"With the advent of social networking, it can be stoked, not just by newspapers.
"We know which newspapers do that, but just on social networking sites you see it. I see it on my Facebook, where people can be anti–Muslim and it's really quite horrible."
VICTIMS GET BLAME FOR HARD TIMES
Dr Neil Chakraborti, a criminologist at the University of Leicester, is a specialist in hate crime. He is co–author of Hate Crime: Impact, Causes and Consequences
It's really hard to know if there is a serious increase in these violent expressions of hate but they appear to be associated with feelings of hardship in this economic climate.
Often the victims will be some of society's most vulnerable, including people with disabilities other benefits claimants and those assumed to be asylum seekers.
Like the incident caught on the BBC documentary and the one on the bus in Glasgow, the attacks are usually unprovoked.
They are based on an assumption that the victims are to blame for the current austerity.
The terms used is "common sense bigotry" based on that flawed logic used by attackers.
Because of camera and video phones, people are becoming much more aware and switched on to this type of crime. There were hundreds of thousands of incidents in the UK last year, with the vast majority either racist or based on religious prejudice.
Sometimes there can be specific incidents which act as a trigger.
In the week after the murder of Lee Rigby, there were 200 incidents of anti–Islamic crimes.
There is evidence that these crimes are reported more readily, including at the lower end, which can be verbal, name–calling and other forms of harassment.
Whether the attacks are verbal or physical, they cause incredible pain for the victims.
The fact they are unprovoked is one of the reasons they hurt so much. They are not just an attack on the victim, but on their identity or perhaps the race or culture they represent. They have a profound and long–lasting effect on people and whole communities.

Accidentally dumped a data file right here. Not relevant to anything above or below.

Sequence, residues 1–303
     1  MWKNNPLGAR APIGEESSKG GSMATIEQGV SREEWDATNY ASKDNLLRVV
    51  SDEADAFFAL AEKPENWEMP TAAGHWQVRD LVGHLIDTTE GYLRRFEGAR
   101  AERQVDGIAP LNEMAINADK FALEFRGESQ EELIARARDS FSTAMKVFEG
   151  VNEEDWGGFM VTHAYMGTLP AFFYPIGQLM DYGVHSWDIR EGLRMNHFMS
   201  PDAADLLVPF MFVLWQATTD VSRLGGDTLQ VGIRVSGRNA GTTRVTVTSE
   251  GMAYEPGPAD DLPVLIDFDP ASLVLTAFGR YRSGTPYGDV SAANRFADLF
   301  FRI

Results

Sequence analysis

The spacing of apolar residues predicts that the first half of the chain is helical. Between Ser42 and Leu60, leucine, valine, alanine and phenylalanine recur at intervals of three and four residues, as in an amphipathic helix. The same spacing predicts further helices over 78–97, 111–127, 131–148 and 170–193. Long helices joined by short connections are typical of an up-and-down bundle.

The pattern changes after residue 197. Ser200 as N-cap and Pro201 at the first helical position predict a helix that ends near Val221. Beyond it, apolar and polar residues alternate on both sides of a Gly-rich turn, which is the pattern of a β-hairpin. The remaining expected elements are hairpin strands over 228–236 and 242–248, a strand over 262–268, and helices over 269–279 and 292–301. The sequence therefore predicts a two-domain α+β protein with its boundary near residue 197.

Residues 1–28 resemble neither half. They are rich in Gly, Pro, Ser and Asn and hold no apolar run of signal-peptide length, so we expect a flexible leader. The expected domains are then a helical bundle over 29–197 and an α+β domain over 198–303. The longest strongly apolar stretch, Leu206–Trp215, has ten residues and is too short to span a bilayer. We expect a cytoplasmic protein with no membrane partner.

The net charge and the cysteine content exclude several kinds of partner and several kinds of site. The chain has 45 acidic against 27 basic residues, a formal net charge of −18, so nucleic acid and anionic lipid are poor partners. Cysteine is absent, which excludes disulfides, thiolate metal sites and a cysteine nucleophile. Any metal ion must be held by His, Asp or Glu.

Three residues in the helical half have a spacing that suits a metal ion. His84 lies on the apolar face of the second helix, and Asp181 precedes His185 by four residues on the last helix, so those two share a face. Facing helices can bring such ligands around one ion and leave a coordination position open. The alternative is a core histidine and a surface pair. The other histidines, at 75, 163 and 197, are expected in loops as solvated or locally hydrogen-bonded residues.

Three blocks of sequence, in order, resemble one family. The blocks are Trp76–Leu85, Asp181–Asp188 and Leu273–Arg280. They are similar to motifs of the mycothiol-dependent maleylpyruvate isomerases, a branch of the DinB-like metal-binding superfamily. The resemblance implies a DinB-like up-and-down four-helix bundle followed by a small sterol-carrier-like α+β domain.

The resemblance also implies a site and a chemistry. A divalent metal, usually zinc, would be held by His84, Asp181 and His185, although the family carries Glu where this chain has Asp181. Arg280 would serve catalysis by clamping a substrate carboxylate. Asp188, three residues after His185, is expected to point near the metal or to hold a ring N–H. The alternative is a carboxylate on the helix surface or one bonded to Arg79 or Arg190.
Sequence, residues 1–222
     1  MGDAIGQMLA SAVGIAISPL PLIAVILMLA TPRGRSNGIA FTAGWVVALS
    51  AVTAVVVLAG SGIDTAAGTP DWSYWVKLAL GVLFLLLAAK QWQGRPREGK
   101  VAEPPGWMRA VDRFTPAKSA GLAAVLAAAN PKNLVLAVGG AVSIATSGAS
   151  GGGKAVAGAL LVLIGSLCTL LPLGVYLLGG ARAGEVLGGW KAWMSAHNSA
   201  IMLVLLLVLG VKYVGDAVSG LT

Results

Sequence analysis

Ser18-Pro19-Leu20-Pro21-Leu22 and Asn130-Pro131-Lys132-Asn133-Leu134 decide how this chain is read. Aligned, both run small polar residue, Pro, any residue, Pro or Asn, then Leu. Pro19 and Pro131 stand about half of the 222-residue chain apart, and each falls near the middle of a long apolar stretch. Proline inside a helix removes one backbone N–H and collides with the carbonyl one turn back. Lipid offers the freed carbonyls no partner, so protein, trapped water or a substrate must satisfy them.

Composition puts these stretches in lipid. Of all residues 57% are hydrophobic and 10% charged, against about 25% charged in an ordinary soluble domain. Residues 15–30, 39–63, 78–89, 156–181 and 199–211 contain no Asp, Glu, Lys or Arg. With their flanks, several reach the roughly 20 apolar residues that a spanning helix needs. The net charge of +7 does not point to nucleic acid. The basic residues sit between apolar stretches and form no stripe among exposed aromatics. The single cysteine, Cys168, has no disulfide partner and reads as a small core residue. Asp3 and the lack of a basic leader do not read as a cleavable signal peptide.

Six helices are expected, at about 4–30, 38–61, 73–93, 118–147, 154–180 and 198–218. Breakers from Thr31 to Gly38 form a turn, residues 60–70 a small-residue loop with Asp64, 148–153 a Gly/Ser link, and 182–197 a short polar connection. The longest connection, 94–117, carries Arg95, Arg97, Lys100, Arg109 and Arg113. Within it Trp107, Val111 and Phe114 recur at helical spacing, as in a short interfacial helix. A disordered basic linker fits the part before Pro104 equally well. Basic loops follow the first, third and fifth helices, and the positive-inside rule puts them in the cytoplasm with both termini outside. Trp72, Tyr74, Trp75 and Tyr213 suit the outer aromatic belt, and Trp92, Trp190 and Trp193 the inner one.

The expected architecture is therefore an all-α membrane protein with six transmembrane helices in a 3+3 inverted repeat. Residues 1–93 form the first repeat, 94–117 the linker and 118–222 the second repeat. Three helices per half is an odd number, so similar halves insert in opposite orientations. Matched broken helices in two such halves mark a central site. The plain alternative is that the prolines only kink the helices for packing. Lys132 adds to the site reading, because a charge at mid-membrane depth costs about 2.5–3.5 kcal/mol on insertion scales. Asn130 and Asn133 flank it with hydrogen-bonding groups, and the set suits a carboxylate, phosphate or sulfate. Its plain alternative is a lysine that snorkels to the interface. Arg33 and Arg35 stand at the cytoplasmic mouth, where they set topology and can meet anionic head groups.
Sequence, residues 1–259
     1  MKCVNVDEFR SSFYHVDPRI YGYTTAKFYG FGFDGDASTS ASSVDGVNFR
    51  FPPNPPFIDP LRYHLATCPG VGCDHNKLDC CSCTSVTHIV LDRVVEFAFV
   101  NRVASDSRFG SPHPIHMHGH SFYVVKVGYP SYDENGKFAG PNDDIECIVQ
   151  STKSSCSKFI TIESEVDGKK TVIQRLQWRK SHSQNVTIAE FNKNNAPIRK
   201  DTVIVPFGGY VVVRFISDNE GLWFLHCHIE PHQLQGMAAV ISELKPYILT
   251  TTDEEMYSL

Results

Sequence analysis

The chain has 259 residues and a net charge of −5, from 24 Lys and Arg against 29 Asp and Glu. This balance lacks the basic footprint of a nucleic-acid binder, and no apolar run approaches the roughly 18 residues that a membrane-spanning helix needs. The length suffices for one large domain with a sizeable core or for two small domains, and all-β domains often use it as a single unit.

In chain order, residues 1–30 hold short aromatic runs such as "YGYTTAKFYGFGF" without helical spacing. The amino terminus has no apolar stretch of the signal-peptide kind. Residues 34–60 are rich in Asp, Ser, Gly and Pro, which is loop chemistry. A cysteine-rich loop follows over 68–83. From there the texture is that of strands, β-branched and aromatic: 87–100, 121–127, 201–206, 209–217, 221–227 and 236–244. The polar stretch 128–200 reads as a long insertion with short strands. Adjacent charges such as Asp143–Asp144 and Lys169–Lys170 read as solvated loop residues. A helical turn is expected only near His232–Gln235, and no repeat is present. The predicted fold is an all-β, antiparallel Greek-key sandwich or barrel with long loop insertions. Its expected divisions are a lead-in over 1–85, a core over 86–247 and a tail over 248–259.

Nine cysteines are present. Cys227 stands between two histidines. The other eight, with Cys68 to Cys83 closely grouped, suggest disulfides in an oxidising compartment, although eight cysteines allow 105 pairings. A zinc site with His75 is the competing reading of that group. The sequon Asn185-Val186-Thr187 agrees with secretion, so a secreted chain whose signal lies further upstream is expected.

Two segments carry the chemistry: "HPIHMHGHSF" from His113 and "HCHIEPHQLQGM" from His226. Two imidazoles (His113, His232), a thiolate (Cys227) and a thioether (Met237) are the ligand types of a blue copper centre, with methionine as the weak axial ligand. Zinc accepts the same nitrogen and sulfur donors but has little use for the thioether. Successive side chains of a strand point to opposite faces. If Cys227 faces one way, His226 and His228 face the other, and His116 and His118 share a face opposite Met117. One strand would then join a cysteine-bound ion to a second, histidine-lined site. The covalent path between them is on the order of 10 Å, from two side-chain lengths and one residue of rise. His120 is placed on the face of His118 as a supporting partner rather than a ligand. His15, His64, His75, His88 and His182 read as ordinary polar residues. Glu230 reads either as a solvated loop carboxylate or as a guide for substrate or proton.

Gang hunted after anti–gay attack
Three thugs are being hunted after two men suffered a violent homophobic attack early yesterday.
One of the victims was punched to the ground and had his face booted.
The assault, which followed verbal abuse, happened at 3.10am in Johnston Terrace, Edinburgh.
The attackers, who were in their mid–20s, were chased away by passers–by. Colin Macfarlane, of gay rights group Stonewall Scotland, said: "Gay people should be able to feel safe and secure going about their daily business without fear of verbal or physical abuse."
Police have appealed for information. A spokesman added: "This was a brutal, unprovoked and homophobic attack and we are keen to speak to anyone who witnessed it."
WE SAY PAGE 16
"People need to realise it is not acceptable to bully us or anyone in society HATE BY NUMBERS 4000 hate crime charges involved racism last year 4000 Involved the victim's sexual orientation 700 138 Charges involved a person's disability Charges had a religious element 687 14 Charges involved prejudice about transgender identity
BRAVE Keith and Tracy Lynch speak out to change attitudes
CHANGE Sanjeev Kohli grew up with spectre of racism
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|Publication:||Sunday Mail (Glasgow, Scotland)|
|Date:||Feb 23, 2014|